That’s great. I love that. I have one final question, and then I want to leave the audience with a special something I know about you that I want to share. The last question I have for you is this. If you had never met the disease of addiction in your family and if it had never been present in your life, how do you think your life would have turned out differently, if at all?
I’ll start with my grandma who died of alcoholism when I was very little. I was three years old. I would have had a grandma. That would have been awesome. She was lonely. She felt like she didn’t have anyone. I wish she would have held on because she could have met me, and I could have a grandma because I didn’t have a grandma. I can’t even imagine where my daughter would be. There are so many things. She probably would have been out in the world or even working at a hospital, and maybe even been an OB-GYN delivering babies. She’s smart. She loves helping people.
I had to put my life on hold while I did all this. That’s not happening anymore. I would be pursuing what I’m doing now. I am living my life to the fullest. I’m investing in myself. I am thriving in my career, opening up, and reaching out. I can’t even imagine it because it’s so foreign to me. It has been a part of our lives for so long now. I would be that little Christmas card family.
I understand that. To end that, you have that beautiful picture that we’re both talking about. I’ve mentioned it before. It’s like shaking the puzzle. We have to put together new puzzle pieces and a new picture. Sometimes that new picture, however, could be even more beautiful than the first that we had imagined. That’s a piece that I hold onto because I understand what you’re saying. Who knows? It is a part of our lives, and it will continue to be. The reason why we’re doing what we’re doing is it’s not going to go away. It is forever a part of our lives.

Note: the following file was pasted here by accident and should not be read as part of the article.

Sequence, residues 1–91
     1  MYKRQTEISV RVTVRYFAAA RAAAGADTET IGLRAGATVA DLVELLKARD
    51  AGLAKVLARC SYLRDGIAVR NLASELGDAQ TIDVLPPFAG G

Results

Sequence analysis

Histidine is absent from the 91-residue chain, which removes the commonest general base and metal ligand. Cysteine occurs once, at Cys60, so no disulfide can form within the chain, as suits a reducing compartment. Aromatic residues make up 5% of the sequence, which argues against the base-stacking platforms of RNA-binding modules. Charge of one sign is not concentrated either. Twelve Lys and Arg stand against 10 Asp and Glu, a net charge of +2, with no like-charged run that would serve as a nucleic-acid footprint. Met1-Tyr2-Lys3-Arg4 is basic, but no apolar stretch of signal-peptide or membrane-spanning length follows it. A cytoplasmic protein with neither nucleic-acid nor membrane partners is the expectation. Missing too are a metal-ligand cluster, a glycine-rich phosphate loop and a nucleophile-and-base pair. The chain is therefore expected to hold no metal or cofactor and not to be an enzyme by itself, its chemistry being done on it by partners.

When we love someone with this disease, it is a lifelong disease. We have to work together and have these open conversations so we can build a better community to help not just the addict and the alcoholics that need help because they have the support, but we also need more support and a bigger community to help us navigate. The one funny thing that I want everybody to know about you is when you were living in your daughter’s apartment and taking care of your grandson, how did you work out specifically? What did you deadlift with?
I had very minimal equipment when I was up at my daughter’s apartment. I had given her some. I had a TRX and some very little weights. My brother loaned me tens. I was like, “I need to deadlift.” I deadlift a lot of weight. I was looking around her house. I’m like, “The only thing I can deadlift is her couch.” I was going to film myself doing it.
You have to go back up there next time you’re up there and have somebody film you.
I’m thinking, “Whatever gets it done, you can do it. Get it done.” It’s pretty effective. It worked. I was deadlifting her couch.
Whatever you can do to get it done. That is a great way to end. I want to thank you so much for being here with us. Ladies and gentlemen, she is a fantastic premier trainer and coach. I’m so blessed to know her almost each and every day when I go to the gym. When you see her, she’s the one with the buff arms. I hope you all learn that not only is she so phenomenal on the outside, but inside, she’s even stronger than what she presents on the outside because she has that heart, that character, that strength, and that commitment. We thank you so much for sharing that with us because you are one of a kind. Thank you, Janet. We appreciate you being here. Thank you, everybody, for joining us. We will see you next episode.